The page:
I wish I had the time to give my students more written feedback without a grade attached. How do you fit it all in?— Druin (@druinok) April 15, 2017
It turns out that we both use Canvas, an LMS, at our schools. There are a lot of features about Canvas that are not the most user-friendly, but in terms of giving feedback to students quickly and easily, it's been really helpful. Here's how I use it:
- All work that I collect from students passes through Canvas, including work that is not graded, but is just for feedback. I create an assignment with either a link to a pdf for problem sets or to a Google doc for projects/written reflections
- Students complete the work either in their Math notebook or in a Google doc (for projects/written reflections). But all work is submitted digitally. The student's view has an electronic submission button. Most of my students have the Canvas app on their phones and can submit by snapping a photo of their written work. Those that don't have the app take a picture with their computer camera and submit it via the web version of Canvas. I remind students to submit their homework to Canvas after we go over homework questions in class.
- In grading mode, I see the photo each student took, mark the assignment Complete or Incomplete, and type written feedback. If the assignment is graded, I indicate their level of proficiency and sometimes comment on the specific objectives graded (we use Standards Based Grading so students don't see points, only learning objectives and levels of proficiency).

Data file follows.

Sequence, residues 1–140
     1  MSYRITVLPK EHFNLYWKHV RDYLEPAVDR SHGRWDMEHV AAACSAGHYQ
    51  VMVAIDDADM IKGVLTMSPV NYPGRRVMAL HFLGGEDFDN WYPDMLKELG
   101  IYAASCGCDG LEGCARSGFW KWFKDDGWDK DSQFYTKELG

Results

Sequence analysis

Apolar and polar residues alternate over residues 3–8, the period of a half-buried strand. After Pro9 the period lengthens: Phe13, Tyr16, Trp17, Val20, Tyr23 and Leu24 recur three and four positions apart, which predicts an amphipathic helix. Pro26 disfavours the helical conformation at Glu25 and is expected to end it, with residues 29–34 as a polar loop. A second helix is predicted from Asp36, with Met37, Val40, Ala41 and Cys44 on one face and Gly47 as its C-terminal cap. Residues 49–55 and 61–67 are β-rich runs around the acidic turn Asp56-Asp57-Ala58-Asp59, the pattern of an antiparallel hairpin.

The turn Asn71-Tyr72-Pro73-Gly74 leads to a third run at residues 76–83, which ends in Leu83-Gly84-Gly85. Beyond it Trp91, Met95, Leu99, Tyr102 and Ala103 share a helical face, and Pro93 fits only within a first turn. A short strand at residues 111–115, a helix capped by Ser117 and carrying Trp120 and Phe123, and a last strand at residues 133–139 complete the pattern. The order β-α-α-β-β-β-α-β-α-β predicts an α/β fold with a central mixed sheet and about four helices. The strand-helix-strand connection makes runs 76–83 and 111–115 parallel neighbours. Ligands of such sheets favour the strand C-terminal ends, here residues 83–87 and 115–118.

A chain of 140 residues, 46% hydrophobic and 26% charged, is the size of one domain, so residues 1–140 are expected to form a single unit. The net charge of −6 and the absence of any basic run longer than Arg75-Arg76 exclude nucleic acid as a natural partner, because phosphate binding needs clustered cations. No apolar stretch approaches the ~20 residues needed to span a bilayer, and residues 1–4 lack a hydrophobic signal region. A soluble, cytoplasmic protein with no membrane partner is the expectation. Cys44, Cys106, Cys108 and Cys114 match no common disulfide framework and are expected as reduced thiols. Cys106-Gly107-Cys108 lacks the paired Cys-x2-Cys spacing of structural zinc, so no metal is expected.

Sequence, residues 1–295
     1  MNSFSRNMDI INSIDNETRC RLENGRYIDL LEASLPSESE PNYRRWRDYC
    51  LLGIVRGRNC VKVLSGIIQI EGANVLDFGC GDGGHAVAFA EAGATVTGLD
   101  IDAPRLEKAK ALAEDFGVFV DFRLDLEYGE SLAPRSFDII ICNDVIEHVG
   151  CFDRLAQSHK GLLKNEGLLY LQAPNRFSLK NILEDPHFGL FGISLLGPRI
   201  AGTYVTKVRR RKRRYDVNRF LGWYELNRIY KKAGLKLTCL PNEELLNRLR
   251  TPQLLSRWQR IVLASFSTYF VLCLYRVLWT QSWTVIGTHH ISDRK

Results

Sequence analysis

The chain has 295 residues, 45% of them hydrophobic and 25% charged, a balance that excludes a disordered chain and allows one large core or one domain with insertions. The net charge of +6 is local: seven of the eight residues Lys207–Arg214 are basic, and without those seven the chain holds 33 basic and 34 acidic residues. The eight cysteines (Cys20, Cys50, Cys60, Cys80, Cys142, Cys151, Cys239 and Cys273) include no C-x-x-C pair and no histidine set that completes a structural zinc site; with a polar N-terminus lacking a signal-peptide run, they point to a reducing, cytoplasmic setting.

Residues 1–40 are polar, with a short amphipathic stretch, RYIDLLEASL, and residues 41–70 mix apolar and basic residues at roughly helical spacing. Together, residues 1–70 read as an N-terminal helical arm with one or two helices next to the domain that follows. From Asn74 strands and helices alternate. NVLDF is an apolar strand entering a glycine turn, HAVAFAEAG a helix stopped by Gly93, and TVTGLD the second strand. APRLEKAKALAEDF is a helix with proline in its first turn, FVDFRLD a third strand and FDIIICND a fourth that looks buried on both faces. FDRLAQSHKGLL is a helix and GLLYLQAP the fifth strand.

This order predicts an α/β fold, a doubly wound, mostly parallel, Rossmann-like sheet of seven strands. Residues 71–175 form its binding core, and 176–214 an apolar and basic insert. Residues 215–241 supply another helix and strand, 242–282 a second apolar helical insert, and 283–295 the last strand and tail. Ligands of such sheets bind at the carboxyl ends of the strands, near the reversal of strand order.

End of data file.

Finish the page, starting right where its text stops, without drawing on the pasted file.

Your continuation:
- The system is quick - I can go through all the work submitted by students, type or copy and paste comments, and click on levels of proficiency if I'm grading the assignment. Students see the feedback on individual assignments and can also look at feedback from past work, chronologically or organized by learning objective.
- I love the fact that students have access to all of their Math work in their notebook at all times - there's no longer the loss of time in turning it in, waiting for me to write feedback, and then getting it back, accompanied by the inevitable loss of someone's work and of me lugging piles of papers back and forth from school. There's no longer a question of whether something was turned in or what the feedback on that work was. We can both always easily see a chronological record of the feedback given over the course of the year and track progress. If I ever create a portfolio system for summative assessment, all of the student's submitted work is already digital and organized.
- The one drawback that I wish Canvas provided is the ability to annotate directly on student work. If I want to draw a student's attention to a particular problem, I have to write a note that says, "In question #2, look at..." instead of just circling question #2 on their paper. When students upload their files in pdf format, Canvas has an internal marking system that activates and allows you to annotate, highlight, and type directly on the page. But for most students, this would add an extra step of converting their picture to a pdf and uploading it in that format, and I would rather make homework submission as simple as possible. So for now, this is my system.